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A Poker Detective's Toolkit

Learn to tell the difference between poker truth and poker fiction

 

Poker is an endlessly fascinating game. I have never played the same hand twice and I never will. But poker would not be nearly as interesting to play if it were only a numbers game. What keeps me coming back time after time is the psychology of the game. Taking a good read is one of the most satisfying things you can do at a poker table. And the thrill you get from catching a big bluff will stay with you long after the cards and chips have been put away for the night.

 

Becoming a good poker reader does not happen over night. There may be some fundamental principles of reading people in poker, but you will have to learn how to apply those principles to different players in different situations; and doing that effectively will only come with time and concerted effort on your part.

 

The best way to start your education in bluff catching is to buy a copy of Mike Caro's Book of Tells. In it you will learn the basics of the tell. The book has pictures and very good descriptions of different situations, and it will give you a lot of things to look for in your opponent. But the overriding theme of his book is the fact that, in poker, "weak means strong" and "strong means weak." An opponent with a big hand will put the chips in the pot weakly and try to not scare you into folding. While a big bluffer might sit high in his chair and look you straight in the eye; he can't afford to give you any reason to suspect that he has anything less than a stellar hand.

 

Any time your opponent takes an action, you need to decide if she is telling you the truth. Did that check really mean that she is weak? Is she trying to check-raise me with a strong hand? Many actions at a poker table are straightforward. Your opponent has a strong hand and makes a big bet. It is just as important to detect poker truths as it is to detect poker lies. If you don't, you might be good at catching bluffs, but you will also call large bets when you are badly beaten. Your opponents might notice this, and stop trying to bluff you. But they will also punish you when they have a good hand. Your results will suffer.

 

When someone is telling you the truth with their actions at a poker table, their demeanor is neutral. They aren't trying to oversell you. If they have made a big bet and they have a big hand, they sit comfortably in their chair and they neither try to intimidate you, nor do they shrink from you. We all know how easy it is to tell the truth. Your mother asked you if it was you who broke her expensive vase and you were able to deny it with ease and grace because you didn't do it. If you were guilty, somehow you always gave yourself away. There was something about your pleas of innocence that were nervous and over the top. And you quickly found yourself doing extra chores around the house to help "pay" for the destroyed piece of pottery.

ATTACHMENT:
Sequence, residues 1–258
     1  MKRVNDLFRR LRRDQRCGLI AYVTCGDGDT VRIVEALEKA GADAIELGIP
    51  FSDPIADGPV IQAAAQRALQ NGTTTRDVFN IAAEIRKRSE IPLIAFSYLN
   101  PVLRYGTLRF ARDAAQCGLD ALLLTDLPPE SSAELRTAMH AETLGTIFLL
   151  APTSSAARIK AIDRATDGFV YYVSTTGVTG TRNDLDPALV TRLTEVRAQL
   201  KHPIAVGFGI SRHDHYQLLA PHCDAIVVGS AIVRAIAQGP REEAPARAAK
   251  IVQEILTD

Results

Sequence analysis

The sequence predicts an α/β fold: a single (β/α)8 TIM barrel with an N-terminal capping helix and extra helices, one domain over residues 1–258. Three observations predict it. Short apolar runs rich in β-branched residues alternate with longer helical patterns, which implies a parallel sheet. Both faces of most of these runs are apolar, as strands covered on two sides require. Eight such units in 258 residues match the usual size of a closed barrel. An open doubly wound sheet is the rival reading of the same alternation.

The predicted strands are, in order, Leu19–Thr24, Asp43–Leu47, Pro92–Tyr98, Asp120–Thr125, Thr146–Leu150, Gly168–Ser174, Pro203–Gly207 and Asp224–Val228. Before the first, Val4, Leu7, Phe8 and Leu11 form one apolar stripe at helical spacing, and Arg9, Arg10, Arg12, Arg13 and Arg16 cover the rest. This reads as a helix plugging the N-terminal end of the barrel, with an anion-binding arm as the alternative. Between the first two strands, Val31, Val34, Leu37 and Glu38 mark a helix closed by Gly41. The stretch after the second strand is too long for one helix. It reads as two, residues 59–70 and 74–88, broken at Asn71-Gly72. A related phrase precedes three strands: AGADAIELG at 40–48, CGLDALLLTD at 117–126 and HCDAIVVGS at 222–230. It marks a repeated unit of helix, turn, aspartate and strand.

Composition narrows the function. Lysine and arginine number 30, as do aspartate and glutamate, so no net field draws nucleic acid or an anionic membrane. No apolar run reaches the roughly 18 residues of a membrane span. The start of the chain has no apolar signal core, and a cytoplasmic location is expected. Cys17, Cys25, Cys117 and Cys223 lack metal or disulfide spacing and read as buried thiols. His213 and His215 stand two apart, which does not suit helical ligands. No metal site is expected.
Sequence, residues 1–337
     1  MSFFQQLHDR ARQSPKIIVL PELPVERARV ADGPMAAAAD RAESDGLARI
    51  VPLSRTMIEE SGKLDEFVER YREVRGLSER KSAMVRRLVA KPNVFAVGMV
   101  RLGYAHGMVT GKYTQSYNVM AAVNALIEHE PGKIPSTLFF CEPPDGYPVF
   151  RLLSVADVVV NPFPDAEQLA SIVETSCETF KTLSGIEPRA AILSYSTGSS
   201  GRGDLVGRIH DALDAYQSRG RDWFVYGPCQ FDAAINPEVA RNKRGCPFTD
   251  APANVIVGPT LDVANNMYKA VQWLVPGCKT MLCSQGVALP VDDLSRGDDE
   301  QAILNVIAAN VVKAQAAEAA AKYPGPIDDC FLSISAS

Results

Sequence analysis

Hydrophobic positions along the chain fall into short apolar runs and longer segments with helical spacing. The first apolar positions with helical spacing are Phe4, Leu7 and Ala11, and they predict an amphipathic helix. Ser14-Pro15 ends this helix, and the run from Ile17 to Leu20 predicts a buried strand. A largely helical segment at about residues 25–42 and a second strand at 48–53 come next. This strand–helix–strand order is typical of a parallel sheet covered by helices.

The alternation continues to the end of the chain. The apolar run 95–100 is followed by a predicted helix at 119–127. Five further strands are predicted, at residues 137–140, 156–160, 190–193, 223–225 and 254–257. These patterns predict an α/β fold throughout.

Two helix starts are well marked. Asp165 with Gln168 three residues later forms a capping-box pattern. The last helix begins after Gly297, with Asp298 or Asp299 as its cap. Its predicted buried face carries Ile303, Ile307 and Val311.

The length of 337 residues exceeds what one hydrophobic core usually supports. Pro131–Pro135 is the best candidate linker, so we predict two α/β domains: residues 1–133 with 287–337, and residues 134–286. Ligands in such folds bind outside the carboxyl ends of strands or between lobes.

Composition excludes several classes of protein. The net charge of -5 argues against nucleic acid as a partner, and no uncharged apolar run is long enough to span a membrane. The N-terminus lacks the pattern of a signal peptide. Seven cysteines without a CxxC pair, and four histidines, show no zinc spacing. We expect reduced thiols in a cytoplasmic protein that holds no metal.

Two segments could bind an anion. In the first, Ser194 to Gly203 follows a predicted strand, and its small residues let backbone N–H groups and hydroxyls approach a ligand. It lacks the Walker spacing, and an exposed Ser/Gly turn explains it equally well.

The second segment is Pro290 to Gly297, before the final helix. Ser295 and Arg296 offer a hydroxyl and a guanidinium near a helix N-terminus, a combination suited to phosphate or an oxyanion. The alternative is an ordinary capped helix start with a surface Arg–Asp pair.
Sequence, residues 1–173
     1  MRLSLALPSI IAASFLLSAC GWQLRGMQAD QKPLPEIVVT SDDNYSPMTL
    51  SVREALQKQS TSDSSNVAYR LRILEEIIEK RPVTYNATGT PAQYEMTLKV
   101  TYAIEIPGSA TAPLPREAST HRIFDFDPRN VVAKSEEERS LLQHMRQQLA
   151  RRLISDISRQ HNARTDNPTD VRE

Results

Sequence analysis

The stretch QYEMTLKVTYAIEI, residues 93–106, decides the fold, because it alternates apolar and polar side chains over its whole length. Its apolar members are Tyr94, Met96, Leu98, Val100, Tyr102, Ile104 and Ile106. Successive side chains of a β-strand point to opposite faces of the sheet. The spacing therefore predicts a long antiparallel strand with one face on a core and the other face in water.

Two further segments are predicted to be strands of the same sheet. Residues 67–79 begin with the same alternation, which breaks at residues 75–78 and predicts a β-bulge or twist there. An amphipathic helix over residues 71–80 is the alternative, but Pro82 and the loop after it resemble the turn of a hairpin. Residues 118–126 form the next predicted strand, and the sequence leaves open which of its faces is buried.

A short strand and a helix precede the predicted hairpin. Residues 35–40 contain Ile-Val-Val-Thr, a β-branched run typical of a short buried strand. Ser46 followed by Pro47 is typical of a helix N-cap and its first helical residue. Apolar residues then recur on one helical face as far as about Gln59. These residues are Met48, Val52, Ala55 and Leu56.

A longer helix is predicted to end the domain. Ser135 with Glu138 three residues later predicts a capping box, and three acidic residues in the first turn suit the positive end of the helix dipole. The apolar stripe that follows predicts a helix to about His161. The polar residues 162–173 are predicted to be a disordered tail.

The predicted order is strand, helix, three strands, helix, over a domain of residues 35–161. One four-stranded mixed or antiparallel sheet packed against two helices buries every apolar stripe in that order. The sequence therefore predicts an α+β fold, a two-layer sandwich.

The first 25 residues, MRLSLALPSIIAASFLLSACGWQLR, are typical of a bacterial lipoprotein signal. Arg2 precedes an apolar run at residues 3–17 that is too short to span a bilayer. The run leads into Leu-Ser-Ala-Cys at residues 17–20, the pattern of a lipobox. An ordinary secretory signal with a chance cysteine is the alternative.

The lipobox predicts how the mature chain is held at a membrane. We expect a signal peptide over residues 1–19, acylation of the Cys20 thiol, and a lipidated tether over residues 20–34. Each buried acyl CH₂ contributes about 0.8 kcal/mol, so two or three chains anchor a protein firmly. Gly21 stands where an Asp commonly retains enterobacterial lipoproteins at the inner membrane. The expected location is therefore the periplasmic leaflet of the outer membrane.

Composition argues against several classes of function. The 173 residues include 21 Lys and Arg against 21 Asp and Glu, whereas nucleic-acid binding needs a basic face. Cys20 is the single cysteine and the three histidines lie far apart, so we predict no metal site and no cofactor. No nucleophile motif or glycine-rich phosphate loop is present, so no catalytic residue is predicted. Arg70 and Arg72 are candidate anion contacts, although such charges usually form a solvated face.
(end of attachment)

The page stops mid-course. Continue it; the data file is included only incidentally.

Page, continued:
I hate to say this, but you need to become like your mother. Study each one of your opponents and carefully watch each time they turn their hand over. What did the guy in the red hat look like when he got caught bluffing? How did the women with the sunglasses move all her chips into the pot when she had the nuts? If you get good at it, you will be able to quickly build a very accurate profile of each of your opponents. Applying Caro's basic principles while working up a custom profile for each opponent is most effective. Everyone is different, and some players will even try to "double reverse" you. If they figure out that you are using some of these principles, they might try to act very strong when they are strong against you. The possibilities are endless.

 

I also want to caution you against overusing you reading skills. Poker is still governed by basic mathematical principles. Your first task when presented with a big bet is to determine if you have a close decision. If you start to make big lay downs when the pot is laying you a big price, you will quickly find yourself trying to figure out why you never seem to win. A good situation for using your reading skills would be if you have top pair and a mediocre kicker. Your opponent makes a good-sized bet and you now have to make a decision for a large portion of your stack. On the nights where you fold your top pairs when you are beat and call when you have the best hand, your reading skills will be making you an unstoppable force.

 

Becoming a good poker reader takes work and commitment. There is a lot to think about while you are trying to build up your opponent profiles. Reading players makes poker more interesting and fun, but it means that you will be working harder. After you fold, you need to pay attention. While your opponents may be socializing when out of a hand, you will be watching the action intently. It might seem like they are having more fun than you, but nothing in poker is more enjoyable than stacking up the chips at the end of the night.

 

Howard Lederer, Professional Poker Champion. You can play low stakes poker and chat with Howard Lederer at www.fulltiltpoker.com


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